Our Tragic Universe
Houghton Mifflin Harcourt, 2010
Just like the real thing, Scarlett Thomas’ Our Tragic Universe contains multitudes. Its heroine, Meg Carpenter, is struggling with writer’s block, broke, no longer in love with her boyfriend and enamored of an older man who lives with someone else, and generally at the mercy of a whole lot of big ideas that threaten to wear her down faster than they inspire her.
On the earthly plane, Meg’s life is depressing but utterly familiar. She lives with her dog, Bess, and the handsome, depressed Christopher in a damp flat in Dartmouth, earning a precarious income from popular science book reviews, ghostwritten YA thrillers and a formulaic science fiction series. Grappling with her “real” book, she writes and deletes endlessly.
Part of Meg’s problem is that her putative main character is as glum as she is. She contemplates a project that “would enable my protagonist to do things she wouldn’t normally do, which would be good. Lately I couldn’t motivate her to even go out of the house.” But even more, Meg is mired in possibility. In a way, she exemplifies the dilemma of the Google age: too much information about too much stuff. For one thing, a mysterious galley has appeared in her pile of review books: The Science of Living Forever, by one Kelsey Newman. According to Newman, when the finite universe ends we will all be resurrected as immortal beings into a man-made state called the Omega Point. In the meantime, Newman says, we are all living in a sort of staging area called the Second World, where there are quests we cycle through endlessly in order to prove our worth.
Along with long walks with the dog pondering the potentialities of the Omega Point, Meg’s life is loaded with late night discussions about Zen koans, Baudrillard, Plato, cultural premonitions, Chekhov vs. Tolstoy, the placebo effect, cosmic ordering, and the elusive theory of the “storyless story”—a new, unfettered kind of antiformulaic narrative—and I’m just cherrypicking here. There’s an awful lot of data bouncing around her universe, tragic or not.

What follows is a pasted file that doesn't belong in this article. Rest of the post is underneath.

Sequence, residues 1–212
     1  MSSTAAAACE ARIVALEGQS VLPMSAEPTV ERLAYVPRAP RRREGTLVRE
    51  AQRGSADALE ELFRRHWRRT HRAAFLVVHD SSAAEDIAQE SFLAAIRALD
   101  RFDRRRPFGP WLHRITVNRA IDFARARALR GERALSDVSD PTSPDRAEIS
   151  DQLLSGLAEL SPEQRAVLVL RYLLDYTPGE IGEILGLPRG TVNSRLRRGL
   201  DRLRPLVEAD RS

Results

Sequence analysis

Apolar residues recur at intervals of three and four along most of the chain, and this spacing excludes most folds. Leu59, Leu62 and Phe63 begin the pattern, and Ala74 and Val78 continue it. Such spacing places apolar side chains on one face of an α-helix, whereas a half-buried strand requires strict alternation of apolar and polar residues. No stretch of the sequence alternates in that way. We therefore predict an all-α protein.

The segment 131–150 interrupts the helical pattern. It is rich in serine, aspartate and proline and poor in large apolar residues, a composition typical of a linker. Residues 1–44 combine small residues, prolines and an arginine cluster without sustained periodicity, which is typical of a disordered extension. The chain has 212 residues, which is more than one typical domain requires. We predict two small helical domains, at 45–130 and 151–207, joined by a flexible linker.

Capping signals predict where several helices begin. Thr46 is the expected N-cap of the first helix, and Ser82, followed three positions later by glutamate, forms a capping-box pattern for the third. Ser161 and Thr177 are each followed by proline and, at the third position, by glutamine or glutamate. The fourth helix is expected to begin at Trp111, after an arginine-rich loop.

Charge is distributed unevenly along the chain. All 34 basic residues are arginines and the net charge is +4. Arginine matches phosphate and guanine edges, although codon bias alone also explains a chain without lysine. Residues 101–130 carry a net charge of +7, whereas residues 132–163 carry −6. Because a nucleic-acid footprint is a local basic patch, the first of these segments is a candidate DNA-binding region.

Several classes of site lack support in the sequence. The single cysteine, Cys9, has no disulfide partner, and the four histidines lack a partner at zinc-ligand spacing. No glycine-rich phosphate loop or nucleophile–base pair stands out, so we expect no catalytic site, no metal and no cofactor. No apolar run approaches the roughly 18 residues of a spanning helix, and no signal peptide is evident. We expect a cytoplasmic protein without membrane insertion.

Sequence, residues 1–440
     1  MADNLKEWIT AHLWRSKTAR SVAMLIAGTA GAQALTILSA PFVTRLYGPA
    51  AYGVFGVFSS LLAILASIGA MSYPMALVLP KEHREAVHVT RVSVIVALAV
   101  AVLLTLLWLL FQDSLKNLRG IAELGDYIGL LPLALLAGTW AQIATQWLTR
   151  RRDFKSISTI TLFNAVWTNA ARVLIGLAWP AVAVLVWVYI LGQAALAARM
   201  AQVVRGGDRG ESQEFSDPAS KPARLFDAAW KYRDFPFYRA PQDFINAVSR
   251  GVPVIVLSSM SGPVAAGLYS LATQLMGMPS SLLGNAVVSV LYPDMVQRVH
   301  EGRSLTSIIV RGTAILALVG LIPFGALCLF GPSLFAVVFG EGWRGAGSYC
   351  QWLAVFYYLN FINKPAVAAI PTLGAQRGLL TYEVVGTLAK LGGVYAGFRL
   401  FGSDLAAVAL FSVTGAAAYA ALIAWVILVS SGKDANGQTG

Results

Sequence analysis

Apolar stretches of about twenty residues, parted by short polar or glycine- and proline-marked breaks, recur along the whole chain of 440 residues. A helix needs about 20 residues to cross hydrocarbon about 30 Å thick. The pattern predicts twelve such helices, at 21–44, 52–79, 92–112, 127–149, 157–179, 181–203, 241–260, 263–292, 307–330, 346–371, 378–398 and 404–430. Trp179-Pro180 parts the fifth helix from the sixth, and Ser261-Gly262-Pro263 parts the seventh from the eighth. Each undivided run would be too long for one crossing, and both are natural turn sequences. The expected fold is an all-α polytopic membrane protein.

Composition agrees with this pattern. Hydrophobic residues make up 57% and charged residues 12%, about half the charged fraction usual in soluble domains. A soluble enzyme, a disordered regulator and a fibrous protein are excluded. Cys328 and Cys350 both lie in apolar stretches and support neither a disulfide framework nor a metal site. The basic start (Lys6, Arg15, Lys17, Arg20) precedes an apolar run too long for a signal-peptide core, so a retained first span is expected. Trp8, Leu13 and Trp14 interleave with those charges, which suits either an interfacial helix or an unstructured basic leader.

If, as Meg asserts, “We only need fiction because we die,” then what is the point of writing a novel if we’re all actually immortal? “In Newman’s never-ending universe there’d be time to write an infinite amount of novels, and even finish reading all the books I’d ever begun, and all the books I’d never begun. But who’d care about fiction any more?”
It’s a bit of a dangerous question for a book to ask. If this one were as compelling as its individual ideas, it could take on the challenge. But as a novel—for as hard as it flirts with metafiction, this is at heart a very storied story—it has trouble holding together. And the fault, unfortunately, is with all these great notions. They overflow the confines of the narrative, and the reader finds herself not just talked to, but talked at. Thomas launches into Newman’s Omega Point theories in the first few pages, before we’ve had a chance to orient ourselves, and this happens throughout the book: Someone or other goes off on a discourse about something that’s usually quite fascinating and erudite, but it slows the metabolism of the story to a grinding creep. Christopher’s brother, Josh, has a wonderful theory of how personality types are like the periodic table of the elements, but to stop and listen to it is like having to spend half an hour listening to a friend’s stoned roommate.